The Almohad Caliphate was a Moroccan Berber Muslim movement and empire founded in the 12th century. The Almohad movement was founded by Ibn Tumart among the Berber Masmuda tribes of southern Morocco. Around 1120, the Almohads first established a Berber state in Tinmel in the Atlas Mountains, they succeeded in overthrowing the ruling Almoravid dynasty governing Morocco by 1147, when Abd al-Mu'min al-Gumi conquered Marrakesh and declared himself Caliph. They extended their power over all of the Maghreb by 1159. Al-Andalus soon followed, all of Islamic Iberia was under Almohad rule by 1172; the Almohad dominance of Iberia continued until 1212, when Muhammad III, "al-Nasir" was defeated at the Battle of Las Navas de Tolosa in the Sierra Morena by an alliance of the Christian princes of Castile and Navarre. Nearly all of the Moorish dominions in Iberia were lost soon afterwards, with the great Moorish cities of Cordova and Seville falling to the Christians in 1236 and 1248 respectively; the Almohads continued to rule in Africa until the piecemeal loss of territory through the revolt of tribes and districts enabled the rise of their most effective enemies, the Marinids, in 1215.
The last representative of the line, Idris al-Wathiq, was reduced to the possession of Marrakesh, where he was murdered by a slave in 1269. The Almohad movement originated with Ibn Tumart, a member of the Masmuda, a Berber tribal confederation of the Atlas Mountains of southern Morocco. At the time and much of the rest of North Africa and Spain, was under the rule of the Almoravids, a Sanhaja Berber dynasty. Early in his life, Ibn Tumart went to Spain to pursue his studies, thereafter to Baghdad to deepen them. In Baghdad, Ibn Tumart attached himself to the theological school of al-Ash'ari, came under the influence of the teacher al-Ghazali, he soon developed his own system. Ibn Tumart's main principle was a strict unitarianism, which denied the independent existence of the attributes of God as being incompatible with His unity, therefore a polytheistic idea. Ibn Tumart represented a revolt against, his followers would become known as the al-Muwahhidun. After his return to the Maghreb c.1117, Ibn Tumart spent some time in various Ifriqiyan cities and agitating, heading riotous attacks on wine-shops and on other manifestations of laxity.
He laid the blame for the latitude on the ruling dynasty of the Almoravids, whom he accused of obscurantism and impiety. He opposed their sponsorship of the Maliki school of jurisprudence, which drew upon consensus and other sources beyond the Qur'an and Sunnah in their reasoning, an anathema to the stricter Zahirism favored by Ibn Tumart, his antics and fiery preaching led fed-up authorities to move him along from town to town. After being expelled from Bejaia, Ibn Tumart set up camp in Mellala, in the outskirts of the city, where he received his first disciples - notably, al-Bashir and Abd al-Mu'min. In 1120, Ibn Tumart and his small band of followers proceeded to Morocco, stopping first in Fez, where he engaged the Maliki scholars of the city in debate, he went so far as to assault the sister of the Almoravid emir `Ali ibn Yusuf, in the streets of Fez, because she was going about unveiled, after the manner of Berber women. After being expelled from Fez, he went to Marrakesh, where he tracked down the Almoravid emir Ali ibn Yusuf at a local mosque, challenged the emir, the leading scholars of the area, to a doctrinal debate.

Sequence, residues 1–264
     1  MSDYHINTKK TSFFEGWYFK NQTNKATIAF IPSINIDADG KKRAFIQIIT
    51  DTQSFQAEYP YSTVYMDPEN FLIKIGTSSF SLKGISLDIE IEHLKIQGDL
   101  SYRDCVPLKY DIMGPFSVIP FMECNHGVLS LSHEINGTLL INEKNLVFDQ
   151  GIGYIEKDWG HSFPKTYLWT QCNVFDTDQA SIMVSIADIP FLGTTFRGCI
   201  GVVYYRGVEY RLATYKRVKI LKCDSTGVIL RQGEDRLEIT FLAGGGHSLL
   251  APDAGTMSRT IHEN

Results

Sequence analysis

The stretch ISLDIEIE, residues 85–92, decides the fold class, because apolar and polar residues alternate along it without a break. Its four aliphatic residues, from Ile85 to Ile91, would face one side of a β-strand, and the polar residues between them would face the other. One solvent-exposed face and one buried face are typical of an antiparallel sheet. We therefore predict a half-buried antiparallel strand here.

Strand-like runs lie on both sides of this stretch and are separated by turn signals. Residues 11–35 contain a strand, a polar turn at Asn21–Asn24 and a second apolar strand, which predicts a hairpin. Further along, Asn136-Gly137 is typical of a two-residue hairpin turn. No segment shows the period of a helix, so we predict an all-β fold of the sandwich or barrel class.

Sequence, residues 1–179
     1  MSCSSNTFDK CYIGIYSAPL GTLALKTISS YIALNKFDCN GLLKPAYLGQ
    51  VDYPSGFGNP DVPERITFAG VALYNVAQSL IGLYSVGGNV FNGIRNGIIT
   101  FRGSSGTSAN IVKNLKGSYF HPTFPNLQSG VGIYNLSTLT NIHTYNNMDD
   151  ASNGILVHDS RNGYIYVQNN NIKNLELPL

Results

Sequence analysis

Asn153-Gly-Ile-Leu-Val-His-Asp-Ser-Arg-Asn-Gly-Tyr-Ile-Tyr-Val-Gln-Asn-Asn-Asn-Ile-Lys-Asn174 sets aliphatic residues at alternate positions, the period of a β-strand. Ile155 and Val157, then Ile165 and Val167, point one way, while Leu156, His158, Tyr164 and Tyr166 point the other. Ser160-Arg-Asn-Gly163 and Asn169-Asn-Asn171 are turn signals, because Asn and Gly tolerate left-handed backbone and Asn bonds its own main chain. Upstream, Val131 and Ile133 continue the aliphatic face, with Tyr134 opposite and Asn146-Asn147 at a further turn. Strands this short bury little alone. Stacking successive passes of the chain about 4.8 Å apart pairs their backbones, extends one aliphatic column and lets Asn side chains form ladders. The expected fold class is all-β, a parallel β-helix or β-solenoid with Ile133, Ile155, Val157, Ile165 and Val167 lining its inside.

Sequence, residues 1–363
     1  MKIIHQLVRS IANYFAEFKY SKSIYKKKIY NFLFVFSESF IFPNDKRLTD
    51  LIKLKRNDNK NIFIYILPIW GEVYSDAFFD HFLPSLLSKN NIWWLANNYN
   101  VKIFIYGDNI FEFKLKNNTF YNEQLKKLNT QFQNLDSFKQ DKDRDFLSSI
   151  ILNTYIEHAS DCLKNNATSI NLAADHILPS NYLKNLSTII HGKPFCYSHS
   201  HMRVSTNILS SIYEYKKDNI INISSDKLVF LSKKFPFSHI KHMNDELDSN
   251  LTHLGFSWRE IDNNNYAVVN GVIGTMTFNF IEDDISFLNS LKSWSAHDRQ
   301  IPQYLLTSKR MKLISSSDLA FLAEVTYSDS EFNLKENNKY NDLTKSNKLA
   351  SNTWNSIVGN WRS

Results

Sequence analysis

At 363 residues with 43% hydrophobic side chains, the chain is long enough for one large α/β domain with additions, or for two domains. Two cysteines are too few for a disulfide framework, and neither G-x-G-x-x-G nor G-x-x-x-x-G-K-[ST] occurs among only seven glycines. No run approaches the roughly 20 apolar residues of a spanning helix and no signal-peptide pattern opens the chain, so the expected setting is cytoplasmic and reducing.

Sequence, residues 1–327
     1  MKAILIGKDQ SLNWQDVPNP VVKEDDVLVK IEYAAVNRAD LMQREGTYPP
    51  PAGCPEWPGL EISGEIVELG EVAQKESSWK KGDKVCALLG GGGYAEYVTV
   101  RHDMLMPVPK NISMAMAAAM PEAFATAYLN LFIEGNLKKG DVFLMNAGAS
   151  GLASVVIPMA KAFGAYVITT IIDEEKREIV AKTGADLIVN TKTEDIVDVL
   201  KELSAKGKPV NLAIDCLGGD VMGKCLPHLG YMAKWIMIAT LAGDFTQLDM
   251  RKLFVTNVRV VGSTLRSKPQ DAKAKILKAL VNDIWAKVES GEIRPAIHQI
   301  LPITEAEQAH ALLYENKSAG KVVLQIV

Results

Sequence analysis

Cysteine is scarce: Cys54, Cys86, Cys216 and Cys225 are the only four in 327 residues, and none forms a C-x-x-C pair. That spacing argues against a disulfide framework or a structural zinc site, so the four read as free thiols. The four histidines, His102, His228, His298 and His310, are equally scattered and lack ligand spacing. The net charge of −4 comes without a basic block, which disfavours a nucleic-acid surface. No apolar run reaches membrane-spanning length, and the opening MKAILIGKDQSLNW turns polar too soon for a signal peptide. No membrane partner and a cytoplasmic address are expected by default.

After the debate, the scholars concluded that Ibn Tumart's views were blasphemous and the man dangerous, urged him to be put to death or imprisoned. But the emir decided to expel him from the city. Ibn Tumart took refuge among his own people, the Hargha, in his home village of Igiliz, in the Sous valley, he retreated to a nearby cave, lived out an ascetic lifestyle, coming out only to preach his program of puritan reform, attracting greater and greater crowds. At length, towards the end of Ramadan in late 1121, after a moving sermon, reviewing his failure to persuade the Almoravids to reform by argument, Ibn Tumart'revealed' himself as the true Mahdi, a divinely guided judge and lawgiver, was recognized as such by his audience; this was a declaration of war on the Almoravid state. On the advice of one of his followers, Omar Hintati, a prominent chieftain of the Hintata, Ibn Tumart abandoned his cave in 1122 and went up into the High Atlas, to organize the Almohad movement among the highland Masmuda tribes.
Besides his own tribe, the Hargha, Ibn Tumart secured the adherence of the Ganfisa, the Gadmiwa, the Hintata, the Haskura, the Hazraja to the Almohad cause. Around 1124, Ibn Tumart erected the ribat of Tinmel, in the valley of the Nfis in the High Atlas, an impregnable fortified complex, which would serve both as the spiritual center and military headquarters of the Almohad movement. For the first eight years, the Almohad rebellion was limited to a guerilla war along the peaks and ravines of the High Atlas, their principal damage was in rendering insecure the roads and mountain passes south of Marrakesh – threatening the route to all-important Sijilmassa, the gateway of the trans-Saharan trade. Unabl
Province of A Coruña